Assured Addison steps up to the plate with aplomb

Ulster player coped remarkably well given his first unexpected home international start

Ireland’s Will Addison is tackled by  Argentina’s Matias Orlando  during the international clash at the Aviva Stadium. Photograph: James Crombie/Inpho

Ireland’s Will Addison is tackled by Argentina’s Matias Orlando during the international clash at the Aviva Stadium. Photograph: James Crombie/Inpho

 

There was a moment at the Aviva Stadium that defined Will Addison’s pedigree as a player.

Argentina’s replacement outhalf Joaquin Diaz Bonilla had his opponent in the crosshairs of a tackle or thought he did, only to be left spread-eagled on the turf, arms flailing helplessly, bamboozled by Addison’s footwork.

It wasn’t simply that the 26-year-old had evaded the tackle but the second or so that ensued in which he straightened and drew another defender. The timing and weight of the pass for Jordan Larmour was perfect on an afternoon when much of Ireland’s back play was lateral, crabbing sideways, with players commandeering each other’s space.    

That cameo was accompanied by a significant body of work on a remarkable evening for the Ulster player. Addison didn’t have time to be nervous, to overthink the occasion, or to dwell on the fact that he’d gone from 24th man to playing in the blink of an eye.

He estimated that it was roughly 20-minutes prior to kickoff when he was informed that Robbie Henshaw’s hamstring had stiffened up. A decision was taken to promote Addison. He got the tail end of the team warm-up as a starter rather than a human tackle bag or shadow.

The boy who grew up in Penrith supporting Ireland because of his Enniskillen-born mum, oblivious to the ribbing at school, who idolised Brian O’Driscoll as a young player and was now about to pull on that green number 13 jersey, who left the English rugby pathway and the Sale Sharks behind, was about to fulfil a major ambition; playing for Ireland in Dublin.

What inoculated him against nerves – it was after all only his second cap having made his debut in Chicago the previous Saturday and he had been running mostly at fullback in training – was the attention to detail Ireland coach Joe Schmidt demands in the manner in which his charges prepare. It is an effective buffer against uncertainty.

Speaking afterwards, Addison reaffirmed that assertion: “I don’t think I would have coped today without that amount of pressure that we have week in week out. The pressure is really on us to know our role and understand what our role requires.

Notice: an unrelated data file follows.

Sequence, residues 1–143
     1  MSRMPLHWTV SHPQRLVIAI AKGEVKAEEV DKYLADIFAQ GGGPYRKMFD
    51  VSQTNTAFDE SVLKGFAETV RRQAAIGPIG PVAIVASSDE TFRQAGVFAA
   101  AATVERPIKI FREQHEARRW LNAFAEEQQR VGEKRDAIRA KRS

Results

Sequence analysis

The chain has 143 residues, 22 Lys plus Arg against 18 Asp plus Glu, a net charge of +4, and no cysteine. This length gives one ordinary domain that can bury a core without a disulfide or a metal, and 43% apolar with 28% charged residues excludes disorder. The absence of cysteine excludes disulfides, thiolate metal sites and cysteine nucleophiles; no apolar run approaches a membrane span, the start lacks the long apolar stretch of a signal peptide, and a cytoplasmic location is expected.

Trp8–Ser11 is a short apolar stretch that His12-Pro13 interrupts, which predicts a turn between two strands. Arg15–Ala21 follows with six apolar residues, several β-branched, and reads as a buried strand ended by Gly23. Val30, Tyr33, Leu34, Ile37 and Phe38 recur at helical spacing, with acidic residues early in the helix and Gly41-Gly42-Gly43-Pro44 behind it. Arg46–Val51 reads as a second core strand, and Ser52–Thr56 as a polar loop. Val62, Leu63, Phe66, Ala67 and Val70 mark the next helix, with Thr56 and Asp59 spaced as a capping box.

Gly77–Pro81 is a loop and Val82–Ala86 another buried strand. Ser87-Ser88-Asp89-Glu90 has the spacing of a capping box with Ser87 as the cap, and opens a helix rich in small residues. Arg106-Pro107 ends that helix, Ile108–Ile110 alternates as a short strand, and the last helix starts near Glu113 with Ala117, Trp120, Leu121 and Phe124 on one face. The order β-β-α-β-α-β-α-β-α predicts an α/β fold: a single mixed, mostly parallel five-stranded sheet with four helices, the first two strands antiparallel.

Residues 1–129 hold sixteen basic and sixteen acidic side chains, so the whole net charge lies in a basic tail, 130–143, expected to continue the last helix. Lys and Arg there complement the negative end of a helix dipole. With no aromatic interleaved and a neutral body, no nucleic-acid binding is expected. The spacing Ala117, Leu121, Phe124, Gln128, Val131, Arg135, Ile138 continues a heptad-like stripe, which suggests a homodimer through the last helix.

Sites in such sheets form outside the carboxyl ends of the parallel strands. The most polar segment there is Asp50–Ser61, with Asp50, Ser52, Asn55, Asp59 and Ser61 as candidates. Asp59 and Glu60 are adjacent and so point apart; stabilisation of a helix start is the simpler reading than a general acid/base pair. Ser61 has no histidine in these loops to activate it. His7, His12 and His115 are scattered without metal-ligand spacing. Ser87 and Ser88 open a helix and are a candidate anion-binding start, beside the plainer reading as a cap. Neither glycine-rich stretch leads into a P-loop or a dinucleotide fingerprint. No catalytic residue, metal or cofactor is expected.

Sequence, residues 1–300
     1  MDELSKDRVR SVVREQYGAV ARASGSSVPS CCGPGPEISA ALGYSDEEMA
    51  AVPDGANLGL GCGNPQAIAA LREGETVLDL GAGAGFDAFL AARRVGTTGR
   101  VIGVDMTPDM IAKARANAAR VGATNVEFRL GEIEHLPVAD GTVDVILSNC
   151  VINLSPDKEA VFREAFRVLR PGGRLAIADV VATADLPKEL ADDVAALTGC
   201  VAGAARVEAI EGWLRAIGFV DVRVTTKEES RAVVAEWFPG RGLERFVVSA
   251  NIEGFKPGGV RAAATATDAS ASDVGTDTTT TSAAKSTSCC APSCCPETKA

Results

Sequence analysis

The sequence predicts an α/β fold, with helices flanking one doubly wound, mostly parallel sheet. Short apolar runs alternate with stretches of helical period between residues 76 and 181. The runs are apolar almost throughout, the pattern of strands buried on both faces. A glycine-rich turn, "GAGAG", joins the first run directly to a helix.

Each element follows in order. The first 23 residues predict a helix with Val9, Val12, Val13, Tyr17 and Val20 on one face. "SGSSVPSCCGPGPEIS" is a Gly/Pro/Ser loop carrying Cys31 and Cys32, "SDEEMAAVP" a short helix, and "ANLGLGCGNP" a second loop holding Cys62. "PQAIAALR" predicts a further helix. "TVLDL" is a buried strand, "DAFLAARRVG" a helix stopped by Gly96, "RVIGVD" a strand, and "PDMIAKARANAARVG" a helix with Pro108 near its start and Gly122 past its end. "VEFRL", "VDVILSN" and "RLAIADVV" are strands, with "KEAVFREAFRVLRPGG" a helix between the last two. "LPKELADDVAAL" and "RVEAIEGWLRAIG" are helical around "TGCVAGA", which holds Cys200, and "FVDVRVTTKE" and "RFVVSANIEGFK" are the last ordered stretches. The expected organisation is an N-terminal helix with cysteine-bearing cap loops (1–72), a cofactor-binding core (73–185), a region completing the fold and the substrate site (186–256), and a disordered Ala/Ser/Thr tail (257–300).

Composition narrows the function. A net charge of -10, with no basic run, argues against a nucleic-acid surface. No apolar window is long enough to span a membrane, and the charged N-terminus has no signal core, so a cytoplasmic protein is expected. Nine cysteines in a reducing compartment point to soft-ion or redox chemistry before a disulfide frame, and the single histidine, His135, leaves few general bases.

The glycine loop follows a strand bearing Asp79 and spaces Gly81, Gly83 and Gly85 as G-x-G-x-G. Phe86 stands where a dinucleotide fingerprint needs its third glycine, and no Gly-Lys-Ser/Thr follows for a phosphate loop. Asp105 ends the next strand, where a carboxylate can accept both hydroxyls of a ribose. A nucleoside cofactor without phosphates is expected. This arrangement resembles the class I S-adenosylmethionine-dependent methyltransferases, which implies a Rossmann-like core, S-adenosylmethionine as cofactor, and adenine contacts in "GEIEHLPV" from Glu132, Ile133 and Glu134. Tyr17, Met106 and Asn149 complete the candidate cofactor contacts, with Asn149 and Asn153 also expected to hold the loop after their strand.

Deep end

“When I get thrown in at the deep end that’s what I fall back to. I know that I have coped in training, which is a very high intensity, and that gives me the confidence that I can cope at international level too.

“The last few months helped, having a few days in camp in Australia [during the summer] gave me a taste for the environment and then I had a weekend in August. Last week was great especially being away in Chicago with the group; it has really pushed me and made sure that I am really aware of what’s required.”

Addison’s performance in a midfield alliance forged on short notice with the excellent Bundee Aki was impressive. Three touches in the first 50 seconds of the match captures Addison’s energy, a work-rate he maintained throughout the match.

He glides with the ball in two hands, occupying defenders, and if some of his teammates cut or ran better lines and angles they would profit handsomely. On a couple of occasions Addison made a half-break and looked to the space inside to offload but there were no takers.

He was sharp to a bouncing ball on the Irish line, shot out of the line to make a tap tackle on Nicolas Sanchez as the Argentine outhalf looped around his centres and demonstrated the speed of his hands in setting Jacob Stockdale free.

There were blemishes too; caught by Matias Orlando, the Argentine finding a soft shoulder to break a tackle, and a couple of times Addison’s passing forced the recipient to check their stride. They are minor cavils considering the context.

“I wasn’t totally happy with my performance at times and I wouldn’t look at excuses like that [not having run much in the No 13 role]). I really enjoy 13 and it’s probably where I prefer playing. I have got to be adept at both positions [centre and fullback] and I feel that I have taken a step but I have got a lot to improve on,” he said.

Absolute pride

“There is a little bit defensively that I am not happy with. I really need to work closely with Faz (Andy Farrell) on it because he is thereabouts the best defensive coach in the world. I am very fortunate to have that resource available to me.

He paid tribute to Aki and the rest of the backs who have been supportive and encouraging, adding: “One of the things that I have learned is that I can take less on myself because I have got 14 great players around me”.

Having survived the rigours of the match in exemplary fashion he failed to emerge unscathed from a phone conversation with his mum.

“I was pretty much just in tears to my mum just there. They sadly couldn’t come over this time with it being a spur-of-the-moment selection.

“I’m lucky that I had my girlfriend here, which was great, but I have been on the phone to the parents and the family and I was full of emotion. That surprise selection luckily kind of took out that emotion and let me concentrate on the task. Certainly, after the game, it filled me with absolute pride.

“The best team in the world [New Zealand] are coming to town. Everybody will be putting up their hand in training and that’s going to be pretty tasty.”

While he’d love to be front and centre again next Saturday, he may have to bide his time, albeit aware that even at short notice literally and figuratively in terms of his career, Addison has already made quite an impression.

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